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Obesity is an increasingly common disorder that predisposes to several medical conditions, including type 2 diabetes. We investigated whether large and rare copy-number variations (CNVs) differentiate moderate to extreme obesity from never-overweight control subjects.
Using single nucleotide polymorphism (SNP) arrays, we performed a genome-wide CNV survey on 430 obese case subjects (BMI >35 kg/m2) and 379 never-overweight control subjects (BMI <25 kg/m2). All subjects were of European ancestry and were genotyped on the Illumina HumanHap550 arrays with ~550,000 SNP markers. The CNV calls were generated by PennCNV software.
CNVs >1 Mb were found to be overrepresented in case versus control subjects (odds ratio [OR] = 1.5 [95% CI 0.5–5]), and CNVs >2 Mb were present in 1.3% of the case subjects but were absent in control subjects (OR = infinity [95% CI 1.2–infinity]). When focusing on rare deletions that disrupt genes, even more pronounced effect sizes are observed (OR = 2.7 [95% CI 0.5–27.1] for CNVs >1 Mb). Interestingly, obese case subjects who carry these large CNVs have moderately high BMI and do not appear to be extreme cases. Several CNVs disrupt known candidate genes for obesity, such as a 3.3-Mb deletion disrupting NAP1L5 and a 2.1-Mb deletion disrupting UCP1 and IL15.
Our results suggest that large CNVs, especially rare deletions, confer risk of obesity in patients with moderate obesity and that genes impacted by large CNVs represent intriguing candidates for obesity that warrant further study.
Obesity has become the most common health disorder worldwide. Obesity predisposes to multiple diseases, particularly diabetes, and it has been estimated that life expectancy may diminish in the next generation as a result (1). Numerous studies have shown that body weight and obesity are strongly influenced by genetic factors, with heritability estimates in the range of 65–80% (2). However, single gene mutations are quite rare, and common variation (e.g., in FTO  and MC4R ) account for a small percentage of familial risk. Recent large-scale meta-analysis of genome-wide association studies (GWASs) identified six additional genes that associate with BMI, but all eight genes collectively explain merely 0.84% of the BMI variation in human populations (5). Therefore, it is unlikely that expansion of sample sizes in GWASs will identify common variants with major effect sizes.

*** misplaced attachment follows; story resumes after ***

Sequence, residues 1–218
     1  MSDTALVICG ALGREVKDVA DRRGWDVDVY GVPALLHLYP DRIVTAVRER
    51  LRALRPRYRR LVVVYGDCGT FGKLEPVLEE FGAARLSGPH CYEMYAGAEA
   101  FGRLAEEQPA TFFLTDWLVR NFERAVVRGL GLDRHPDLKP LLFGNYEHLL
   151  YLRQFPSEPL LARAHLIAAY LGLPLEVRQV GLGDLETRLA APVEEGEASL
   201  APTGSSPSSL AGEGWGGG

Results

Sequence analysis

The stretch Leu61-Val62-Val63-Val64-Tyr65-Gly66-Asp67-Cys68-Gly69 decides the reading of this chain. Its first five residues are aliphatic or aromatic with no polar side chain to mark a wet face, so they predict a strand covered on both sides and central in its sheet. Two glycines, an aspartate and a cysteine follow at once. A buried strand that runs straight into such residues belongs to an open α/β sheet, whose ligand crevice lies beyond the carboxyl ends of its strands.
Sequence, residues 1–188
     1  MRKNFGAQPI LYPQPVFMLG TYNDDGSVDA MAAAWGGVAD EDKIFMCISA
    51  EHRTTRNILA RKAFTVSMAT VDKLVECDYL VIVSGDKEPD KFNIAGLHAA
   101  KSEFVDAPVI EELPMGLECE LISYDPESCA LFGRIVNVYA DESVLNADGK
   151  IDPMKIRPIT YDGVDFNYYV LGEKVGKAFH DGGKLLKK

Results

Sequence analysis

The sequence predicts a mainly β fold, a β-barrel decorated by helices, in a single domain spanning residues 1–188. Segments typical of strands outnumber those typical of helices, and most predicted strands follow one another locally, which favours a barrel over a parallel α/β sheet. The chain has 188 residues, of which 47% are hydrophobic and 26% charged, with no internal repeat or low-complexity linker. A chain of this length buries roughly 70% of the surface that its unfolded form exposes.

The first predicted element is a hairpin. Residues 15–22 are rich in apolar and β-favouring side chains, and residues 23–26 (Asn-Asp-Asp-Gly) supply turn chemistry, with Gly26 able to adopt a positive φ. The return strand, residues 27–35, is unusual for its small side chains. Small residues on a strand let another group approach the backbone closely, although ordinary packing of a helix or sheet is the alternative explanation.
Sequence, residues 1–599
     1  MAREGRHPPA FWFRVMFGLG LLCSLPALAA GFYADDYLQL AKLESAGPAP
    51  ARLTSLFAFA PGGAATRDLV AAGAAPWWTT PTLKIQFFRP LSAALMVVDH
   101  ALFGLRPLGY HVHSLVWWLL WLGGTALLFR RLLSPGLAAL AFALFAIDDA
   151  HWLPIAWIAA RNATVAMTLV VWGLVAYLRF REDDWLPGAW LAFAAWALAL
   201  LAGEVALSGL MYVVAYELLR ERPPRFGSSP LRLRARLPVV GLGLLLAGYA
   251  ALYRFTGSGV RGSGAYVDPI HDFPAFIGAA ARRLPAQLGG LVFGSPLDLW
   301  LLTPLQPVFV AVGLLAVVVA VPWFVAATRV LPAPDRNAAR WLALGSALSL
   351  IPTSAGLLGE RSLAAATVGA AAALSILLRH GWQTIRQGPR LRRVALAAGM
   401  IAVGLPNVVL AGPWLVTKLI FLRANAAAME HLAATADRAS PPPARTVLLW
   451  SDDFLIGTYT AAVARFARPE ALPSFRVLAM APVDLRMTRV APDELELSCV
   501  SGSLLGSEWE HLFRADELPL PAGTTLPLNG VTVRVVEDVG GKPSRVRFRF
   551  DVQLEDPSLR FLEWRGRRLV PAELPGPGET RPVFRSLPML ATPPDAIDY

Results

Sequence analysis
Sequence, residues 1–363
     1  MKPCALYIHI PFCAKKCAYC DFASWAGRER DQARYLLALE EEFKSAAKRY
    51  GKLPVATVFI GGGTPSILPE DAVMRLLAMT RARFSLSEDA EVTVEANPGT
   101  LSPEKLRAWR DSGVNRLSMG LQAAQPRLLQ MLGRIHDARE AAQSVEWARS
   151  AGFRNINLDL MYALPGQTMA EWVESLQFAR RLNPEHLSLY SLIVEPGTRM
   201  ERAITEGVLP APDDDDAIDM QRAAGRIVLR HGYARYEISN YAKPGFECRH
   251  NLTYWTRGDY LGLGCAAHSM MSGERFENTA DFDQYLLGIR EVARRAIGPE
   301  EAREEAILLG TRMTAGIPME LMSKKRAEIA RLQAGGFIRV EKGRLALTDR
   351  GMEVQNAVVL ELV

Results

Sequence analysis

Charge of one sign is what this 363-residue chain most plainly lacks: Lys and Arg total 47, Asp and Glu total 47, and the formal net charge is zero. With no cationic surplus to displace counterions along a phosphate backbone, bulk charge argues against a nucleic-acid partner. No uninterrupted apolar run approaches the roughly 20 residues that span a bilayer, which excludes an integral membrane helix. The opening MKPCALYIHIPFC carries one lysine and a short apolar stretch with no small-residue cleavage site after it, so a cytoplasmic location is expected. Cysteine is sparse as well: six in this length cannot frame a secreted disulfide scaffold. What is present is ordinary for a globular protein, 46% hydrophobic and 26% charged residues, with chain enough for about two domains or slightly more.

The examination of copy-number variations (CNVs) offers novel insights into the genetic architecture of common and complex human diseases. CNVs are defined as a chromosomal segment whose copy number varies across individuals in the population (6). Recurrent CNVs such as 16p11.2 deletions were reported to account for 0.7% of morbid obesity cases (7). In addition, several reports demonstrated that large and rare CNVs collectively associate with schizophrenia (8–10), extreme early-onset obesity (11), and variation in BMI (12).
In the current study, we investigated the potential role of rare variants in obesity, by performing comparative CNV analysis on obese case and control subjects who were genotyped by Illumina single nucleotide polymorphism (SNP) arrays. Case subjects had moderate to extreme obesity, and control subjects had never been overweight. Although our sample size precludes the definitive identification of specific CNVs/genes that associate with obesity, we demonstrate that large, yet rare, CNVs, as a group, are collectively associated with obesity. Furthermore, we identified previously implicated obesity candidate genes in some of these large and rare CNVs, making them especially attractive for additional follow-up studies and functional assays.
The case subjects were obese (BMI ≥35 kg/m2) with a lifetime BMI >40 kg/m2. Independent control subjects were selected who had a current and lifetime BMI ≤25 kg/m2. All the case and control subjects who participated in the current study were part of a previous candidate gene study (13). Sample characteristics are summarized in Table 1 for 430 case and 379 control subjects passing quality control. The median age at obesity onset was 12 years, and 90% had an onset prior to age 26 years. All subjects gave informed consent, and the protocol was approved by the committee on studies involving human beings at the University of Pennsylvania.
DNA was extracted from whole blood or lymphoblastoid cell lines using a high-salt method and genotyped on the Illumina HumanHap550 SNP arrays (Illumina, San Diego, CA). Standard Illumina data normalization procedures and canonical genotype clustering files were used to process the genotyping signals. All case and control subjects passed call-rate (>95%) measures and were genetically inferred to be of European ancestry, based on multidimensional scaling analysis (supplementary Fig. 1 in the online appendix, available at http://diabetes.diabetesjournals.org/cgi/content/full/db10-0192/DC1).